Welcome Company On An Eerie Day
Slipping the fish back into the crystal clear water, within seconds it morphed out of sight. The rod was once again wrapped and cast back out, 'right on the money'. If I was lucky enough to get another bite, I'd have to take another walk round to add a little more bait. For all I knew the carp I just caught could've eaten most of what I'd put out. With the kettle now on, I sat hunched on my chair, I was feeling the chill, it was all rather 'uninviting'. The colors around me were vivid, it's as if the landscape had been bleached. Winter can be such a strange time, with endless distance both over head and all around me, I still had an ominous feeling of isolation.

Now cupping my hand around a scorching cup off coffee, I paid close attention to the water. The ripples were constantly changing, whatever was happening below the surface was anyone's guess. I started to think about the elements within angling that I love the most. Moving aside the obvious, over the past few months its become apparent that it's the communication. Through rod and line, marker float and braid, we're forever trying to communicate with a world we can't readily see. That's where the art lies for me. Hence why I refuse to use 'new technologies' to bypass the lessons within learning. I fear technology, for me it provides convenience and takes away a great deal of the natural learning process. Why use a dictionary when you can spellcheck? Why write an elegant letter when you can email? Why use a marker float and braid when you can chuck a deeper pro out?.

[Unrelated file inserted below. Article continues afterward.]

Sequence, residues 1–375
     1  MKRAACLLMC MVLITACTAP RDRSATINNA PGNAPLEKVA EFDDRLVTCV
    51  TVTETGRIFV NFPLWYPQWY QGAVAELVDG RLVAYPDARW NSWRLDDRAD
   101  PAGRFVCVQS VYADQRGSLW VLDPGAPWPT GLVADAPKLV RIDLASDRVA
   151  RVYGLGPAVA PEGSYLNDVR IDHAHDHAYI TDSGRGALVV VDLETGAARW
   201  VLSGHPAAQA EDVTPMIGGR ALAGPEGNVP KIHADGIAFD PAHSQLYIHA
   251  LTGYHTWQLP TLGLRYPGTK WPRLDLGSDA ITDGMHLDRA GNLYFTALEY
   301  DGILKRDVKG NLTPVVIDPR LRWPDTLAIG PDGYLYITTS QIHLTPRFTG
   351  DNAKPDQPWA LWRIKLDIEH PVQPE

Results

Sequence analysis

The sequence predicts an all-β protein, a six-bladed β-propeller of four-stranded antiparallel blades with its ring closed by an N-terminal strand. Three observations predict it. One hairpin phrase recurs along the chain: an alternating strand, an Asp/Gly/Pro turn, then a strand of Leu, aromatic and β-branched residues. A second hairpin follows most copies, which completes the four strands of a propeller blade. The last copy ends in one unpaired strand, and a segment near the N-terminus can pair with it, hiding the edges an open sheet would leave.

All my technological fears where erased as my left rod tore into action, I was on it fast, the fish flew towards me at a crazy pace. I was reeling in the slack like a madman. It was under the tip within minutes, here it decided to wake up, it was tugging and pulling with all its might, the beautiful tip action of my 'Ballistas' cushioned every lunge. All the energy from the fight was passing down the blank and making its way up my forearm. The fish cut the surface, its winter skin looked perfect, implanted within the landscape for a fraction of a moment. Soon enough I was slipping the second prize of the day over my net. It came in the shape of a lovely, plump mid-double mirror.

Draped In Winters Skin
After a few quick photos, back she went, I needed to put some more bait out so I reeled in my right hand rod and took another wander around the other side. Everything seemed to be working out today, I couldn't help but think it was because of the presentation change. Maybe my overblown theories on baiting patterns and application weren't so ridiculous after all. I've been accused in the past of giving the carp far to much credit, but I don't think that's a bad thing. It keeps you thinking, never underestimate anything, overestimation can keep you one step ahead at all times. I scattered another handful of squashed boilies randomly around my spot, time was ticking by now so I was eager to get back to rods and get them straight out.